They are called ‘Living Bridges’ of Cherrapunji. Cherrapunji, in Meghalaya, India, is famous for the highest amount of rainfall in the world. It is not only the maximum rainfall that you witness here, but the place is adorned with amazing plants also, which leave you astonished.
A local tribe in Meghalaya, called War-Khasis, realized the utility of the plant ‘Ficus elastica’ (a rubber tree that produces secondary roots from higher up in the trunk, steeping into the river beds or perching around the boulders), to grow bridges naturally.
It is all about using intelligence in making this bridge. The local tribesmen allow the rubber tree’s roots to grow in the right direction, by making use of the betel-nut trunks which are sliced down from the middle and hollowed out.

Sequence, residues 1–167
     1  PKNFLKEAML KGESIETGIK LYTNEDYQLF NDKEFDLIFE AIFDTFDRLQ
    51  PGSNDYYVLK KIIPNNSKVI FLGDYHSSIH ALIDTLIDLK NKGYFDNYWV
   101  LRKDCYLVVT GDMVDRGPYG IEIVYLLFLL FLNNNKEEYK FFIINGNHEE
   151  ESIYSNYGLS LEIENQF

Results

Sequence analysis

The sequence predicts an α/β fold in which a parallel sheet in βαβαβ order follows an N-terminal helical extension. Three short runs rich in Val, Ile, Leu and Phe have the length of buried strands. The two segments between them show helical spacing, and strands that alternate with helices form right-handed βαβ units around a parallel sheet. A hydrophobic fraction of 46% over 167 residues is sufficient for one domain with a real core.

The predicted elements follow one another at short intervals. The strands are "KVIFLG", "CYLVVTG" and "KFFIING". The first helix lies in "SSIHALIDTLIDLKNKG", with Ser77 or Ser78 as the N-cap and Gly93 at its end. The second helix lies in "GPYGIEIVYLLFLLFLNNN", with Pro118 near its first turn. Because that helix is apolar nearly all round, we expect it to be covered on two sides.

The roots are then made to return to soil, so that over a period of time, a strong bridge is constructed. This strength of the bridge is directly proportional to the time factor i.e. the maximum the time covered; the maximum is the strength of the bridge. And to one’s amazement, these bridges can last up to centuries, taking of about 10-15 years of time for the development.
The root bridges can stretch up to 100 feet long and are sturdy to accommodate around 50 or more people simultaneously. The passage is covered with stones and boulders entangling the roots, to make an easier way.